Gisborne’s Kini Quartet sweetly spotlighted the state of NZ race relations in the 1960s. 1963 was a year of protest, when folk singer Joan Baez led a crowd of 300,000 anti-racism marchers in Washington in singing ‘We Shall Overcome’ and Dr Martin Luther King gave his ‘I have a Dream’ speech.
Here in sleepy Aotearoa, The Kini Quartet, a barely-remembered acoustic quartet from Gisborne, added their sweet harmonies to the bitter struggle against racial discrimination, one that would dominate the coming decade. They pointed to the racism close to home – not in faraway, burning Mississippi or riot-torn Alabama.
Their song 'Under the Sun' was their best, most popular hit: a rare blend of protest ballad, sacred song and languid Māori strum. It haunted me when I heard it as a pimply kid – and still does. Half a century on, it remains a strangely touching plea for unity and nationhood (albeit with a sting in its tail).
The Kini Quartet (initially Martin Kini, Joe Williams and Esther and Barney Taihuka) occupies a quiet corner of that vivid convergence of Māori and talent in the 1960s we recall as the “Showband era”. Groups like the Māori Hi-Five, Quin Tikis and the Māori Volcanics would hit the high spots on the Pacific entertainment circuit, often going on to Europe and the USA.
Significantly, Martin Kini was the brother of Thomas Kini, a member of the foundational Hi Quins showband (sister group to the Hi-Fives), and much later a noted Chicago-based musician (New Zealand Trading Company). Martin, however never strayed much past Auckland, his band going on to record eight singles for Zodiac, RCA and EMI between 1962 and 1974 and a solitary long player.
In late 1962, the Quartet relocated to Auckland, performing regularly at The Māori Community Centre in Fanshawe Street and building up a following.
In late 1962, the Quartet relocated to Auckland, performing regularly at The Māori Community Centre in Fanshawe Street and building up a following. Soon signed to Zodiac Records, their debut single was 'Hard Times Are Comin' backed with 'The Kotahitanga', both written by Gisborne country singer Margaret Raggett. Zodiac maestro Eldred Stebbing recorded both songs in front of a Gisborne home crowd, backed by The Peter Posa Combo.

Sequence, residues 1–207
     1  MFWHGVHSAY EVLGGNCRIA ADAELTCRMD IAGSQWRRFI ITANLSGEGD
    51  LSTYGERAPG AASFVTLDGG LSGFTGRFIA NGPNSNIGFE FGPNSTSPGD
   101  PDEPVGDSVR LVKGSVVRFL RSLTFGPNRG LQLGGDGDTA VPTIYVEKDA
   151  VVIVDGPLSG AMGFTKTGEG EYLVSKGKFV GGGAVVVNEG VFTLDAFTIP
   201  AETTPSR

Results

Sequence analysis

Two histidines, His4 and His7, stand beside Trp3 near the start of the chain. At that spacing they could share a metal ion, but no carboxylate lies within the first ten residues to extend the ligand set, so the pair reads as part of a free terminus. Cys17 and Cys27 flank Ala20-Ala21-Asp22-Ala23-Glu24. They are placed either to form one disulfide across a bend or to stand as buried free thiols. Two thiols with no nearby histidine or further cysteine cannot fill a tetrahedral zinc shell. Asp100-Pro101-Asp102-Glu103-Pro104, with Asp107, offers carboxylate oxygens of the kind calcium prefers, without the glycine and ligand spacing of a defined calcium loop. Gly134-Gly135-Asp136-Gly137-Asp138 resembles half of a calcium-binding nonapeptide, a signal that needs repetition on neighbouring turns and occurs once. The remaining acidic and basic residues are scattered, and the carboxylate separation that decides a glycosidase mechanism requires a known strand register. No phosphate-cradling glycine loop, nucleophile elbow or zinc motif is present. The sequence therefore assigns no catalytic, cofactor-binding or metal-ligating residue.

Then came 'Jenny & Johnny', followed by a double A-side of covers of Bryan Hyland's 'Sealed With A Kiss' and The Flamingos’ hit 'I Only Have Eyes For You'. The Jock Nisbet Group provided backing. The singles sold well to a loyal and growing fanbase but their success was dwarfed by 'Under The Sun', which followed in 1963.
It was not the first Māori hit to tackle the thorny issue of racism. In 1960, the Howard Morrison Quartet had released 'My Old Man’s An All Black', a parody of the Lonnie Donegan hit 'My Old Man's A Dustman'. It featured humorous, mostly gentle digs at the outrageous decision by New Zealand rugby officials to exclude Māori players from a 1960 South African tour.
'My Old Man’s An All Black' was recorded live at the Pukekohe Town Hall, where the doors were famously locked to prevent the audience leaving during recording. By 1am, the restless populace was finally allowed to go home, the producer happy with the cut, which reportedly sold a massive 60,000 copies.
Recording the song just above the northern border of the Waikato, a region sometimes called the “Deep North” was an intriguing one. In 1961, a weekly newspaper lifted the lid on Pukekohe’s shocking racism, revealing that only two of the town’s six barbers would cut non-European hair. Nor were Māori allowed to sit upstairs at the local picture theatre.
Most New Zealanders had no idea of the ugly streak of racism simmering below the polite veneer of the postwar years. In 1950, for example, seven members of a Māori softball team from the King Country were refused accommodation in a downtown Auckland hotel after they had booked in and paid deposits. The manager told a gobsmacked journalist that the presence of Māori guests was “bad for morale”.